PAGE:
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Apartheid in South Africa

Daniel Pelz / mc April 23, 2014

For almost 90 years, white nationalists repressed the black population in South Africa.

- A bayside sign-post indicates a 'White Area' during Apartheid in South Africa, June 23, 1976 (photo: AP Photo)
Image: AP


Four colonies, Cape Colony, Natal Colony, Transvaal Colony and Orange Free State unite to form the Union of South Africa. The black population is subject to repression from the beginning. A year later the Mines and Works Act gives "white workers a monopoly of skilled operations."


The Natives Land Act imposes restrictions on where the black population can buy land.


The Urban Areas Act introduces residential segregation. Blacks need official permission to live or work in cities.


The National Party (NP) wins parliamentary elections in which only whites are allowed to vote. The apparatus of repression is expanded. The era of "grand apartheid" begins in which a person's race determines where they are permitted to live. The NP will remain in power until 1994.


The Population Registration Act classifies the race of every individual South African according pseudo-scientific criteria.


At least 69 people are killed in the Sharpeville massacre on March 21 when police open fire on black demonstrators. The African National Congress (ANC) and other resistance movements are banned. Nelson Mandela and other ANC leaders launch a guerrilla war against the government.


International pressure on South Africa increases. The UN Security Council imposes an arms embargo. One year later, South Africa is excluded from the Olympic Games. It loses its seat in the UN General Assembly. Economic sanctions are imposed in the years that follow.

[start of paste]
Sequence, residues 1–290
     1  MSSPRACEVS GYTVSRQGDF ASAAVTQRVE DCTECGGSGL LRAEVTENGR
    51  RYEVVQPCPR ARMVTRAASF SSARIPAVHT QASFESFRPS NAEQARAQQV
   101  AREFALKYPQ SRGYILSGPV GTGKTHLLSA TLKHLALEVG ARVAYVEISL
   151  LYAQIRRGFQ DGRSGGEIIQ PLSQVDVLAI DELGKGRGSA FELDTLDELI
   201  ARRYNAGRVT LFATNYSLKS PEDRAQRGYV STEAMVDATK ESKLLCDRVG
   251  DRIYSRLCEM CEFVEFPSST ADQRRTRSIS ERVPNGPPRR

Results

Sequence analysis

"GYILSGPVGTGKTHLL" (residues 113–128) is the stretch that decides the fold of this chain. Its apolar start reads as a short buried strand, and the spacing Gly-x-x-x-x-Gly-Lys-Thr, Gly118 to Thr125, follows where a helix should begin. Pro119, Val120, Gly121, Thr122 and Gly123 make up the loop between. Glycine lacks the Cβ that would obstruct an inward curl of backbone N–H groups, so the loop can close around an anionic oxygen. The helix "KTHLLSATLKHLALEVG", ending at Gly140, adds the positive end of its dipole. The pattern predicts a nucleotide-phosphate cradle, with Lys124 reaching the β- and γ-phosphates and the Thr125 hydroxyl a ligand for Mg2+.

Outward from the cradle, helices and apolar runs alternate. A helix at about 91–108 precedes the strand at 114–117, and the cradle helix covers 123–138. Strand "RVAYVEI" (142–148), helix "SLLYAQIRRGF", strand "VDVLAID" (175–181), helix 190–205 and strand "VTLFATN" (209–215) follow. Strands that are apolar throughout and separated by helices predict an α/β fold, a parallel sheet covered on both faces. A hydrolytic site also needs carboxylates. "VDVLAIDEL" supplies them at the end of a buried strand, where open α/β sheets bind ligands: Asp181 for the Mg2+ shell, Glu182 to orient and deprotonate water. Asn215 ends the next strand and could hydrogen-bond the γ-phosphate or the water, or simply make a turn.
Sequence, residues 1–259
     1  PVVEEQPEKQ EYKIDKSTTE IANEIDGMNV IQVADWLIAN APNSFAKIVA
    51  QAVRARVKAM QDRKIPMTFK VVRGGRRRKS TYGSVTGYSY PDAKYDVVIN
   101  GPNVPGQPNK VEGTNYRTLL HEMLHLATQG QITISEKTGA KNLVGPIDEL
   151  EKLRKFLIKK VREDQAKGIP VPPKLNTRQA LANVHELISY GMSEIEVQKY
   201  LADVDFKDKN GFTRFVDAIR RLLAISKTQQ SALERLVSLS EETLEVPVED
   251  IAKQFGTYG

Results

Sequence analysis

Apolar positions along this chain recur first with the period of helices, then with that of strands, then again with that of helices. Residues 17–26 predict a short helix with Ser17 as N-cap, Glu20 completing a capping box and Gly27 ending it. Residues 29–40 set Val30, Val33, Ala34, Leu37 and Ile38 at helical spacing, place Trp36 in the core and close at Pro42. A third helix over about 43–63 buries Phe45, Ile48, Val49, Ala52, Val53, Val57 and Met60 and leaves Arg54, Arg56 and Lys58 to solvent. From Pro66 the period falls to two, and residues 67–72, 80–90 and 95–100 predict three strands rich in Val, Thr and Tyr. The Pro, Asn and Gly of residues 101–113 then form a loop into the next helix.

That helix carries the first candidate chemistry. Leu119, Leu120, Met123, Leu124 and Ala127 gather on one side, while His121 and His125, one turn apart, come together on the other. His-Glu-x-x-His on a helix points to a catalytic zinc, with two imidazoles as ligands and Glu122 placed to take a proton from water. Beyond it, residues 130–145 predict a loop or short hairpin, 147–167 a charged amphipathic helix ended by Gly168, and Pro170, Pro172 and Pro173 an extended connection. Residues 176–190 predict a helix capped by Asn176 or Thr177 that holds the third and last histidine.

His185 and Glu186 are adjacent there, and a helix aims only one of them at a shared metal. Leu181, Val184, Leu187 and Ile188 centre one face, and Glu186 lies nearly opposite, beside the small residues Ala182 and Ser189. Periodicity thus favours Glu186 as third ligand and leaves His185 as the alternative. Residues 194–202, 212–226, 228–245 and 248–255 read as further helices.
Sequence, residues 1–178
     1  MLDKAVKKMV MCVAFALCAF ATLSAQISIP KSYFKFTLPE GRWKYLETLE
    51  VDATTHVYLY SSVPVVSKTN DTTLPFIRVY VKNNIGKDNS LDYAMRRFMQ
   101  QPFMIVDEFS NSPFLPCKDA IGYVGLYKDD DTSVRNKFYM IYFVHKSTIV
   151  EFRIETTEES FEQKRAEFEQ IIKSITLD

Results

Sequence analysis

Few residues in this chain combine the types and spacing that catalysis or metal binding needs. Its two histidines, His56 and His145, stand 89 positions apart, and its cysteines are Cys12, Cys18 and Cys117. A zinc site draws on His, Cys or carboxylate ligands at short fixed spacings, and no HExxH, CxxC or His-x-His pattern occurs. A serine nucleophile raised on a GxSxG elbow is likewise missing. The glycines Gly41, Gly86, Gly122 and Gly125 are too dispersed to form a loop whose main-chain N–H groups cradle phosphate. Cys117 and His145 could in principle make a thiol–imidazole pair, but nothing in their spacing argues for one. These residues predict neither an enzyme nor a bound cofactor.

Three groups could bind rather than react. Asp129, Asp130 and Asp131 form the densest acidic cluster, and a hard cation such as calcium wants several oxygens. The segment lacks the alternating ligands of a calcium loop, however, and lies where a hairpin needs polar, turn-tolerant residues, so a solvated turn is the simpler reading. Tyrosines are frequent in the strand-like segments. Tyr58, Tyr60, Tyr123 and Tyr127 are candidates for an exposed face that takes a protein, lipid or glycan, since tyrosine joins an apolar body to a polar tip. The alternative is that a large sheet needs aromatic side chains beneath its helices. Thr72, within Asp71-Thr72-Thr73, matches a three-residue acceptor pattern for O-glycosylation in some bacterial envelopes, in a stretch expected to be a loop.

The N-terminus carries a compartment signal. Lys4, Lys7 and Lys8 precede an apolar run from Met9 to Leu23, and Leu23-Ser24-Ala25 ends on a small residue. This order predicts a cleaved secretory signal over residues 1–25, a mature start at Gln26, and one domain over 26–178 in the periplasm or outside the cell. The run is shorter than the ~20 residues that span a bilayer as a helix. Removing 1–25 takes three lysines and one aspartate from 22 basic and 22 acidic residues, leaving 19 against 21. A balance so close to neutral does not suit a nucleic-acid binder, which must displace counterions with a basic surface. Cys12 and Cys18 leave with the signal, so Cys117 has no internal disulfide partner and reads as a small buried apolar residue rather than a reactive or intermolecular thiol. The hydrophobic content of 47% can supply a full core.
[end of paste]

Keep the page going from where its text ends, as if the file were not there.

In the Johannesburg suburb of Soweto, black students protest against government plans to make Afrikaans mandatory in schools. The police open fire and 600 people die.


Protests against the apartheid regime escalate. In the townships there are frequent clashes between the police and the population in which people are killed or injured. The government declares a state of emergency which remains in force until 1990. More countries impose sanctions against South Africa.


F.W. de Klerk is elected president of South Africa. The rest of the world looks on in astonishment as he demolishes apartheid step by step. The ban on the ANC and other groups is lifted. Nelson Mandela is released from prison. In 1991 the ANC begins negotiations with the government about the country's future political system which are concluded in 1993.


Jubilation across the whole country as all South Africans are allowed to take part in a free election width a secret ballot for the first time. Many black citizens are voting for the first time in their lives. The ANC wins a landslide victory. International sanctions are lifted.


A new constitution comes into force giving all citizens equal rights.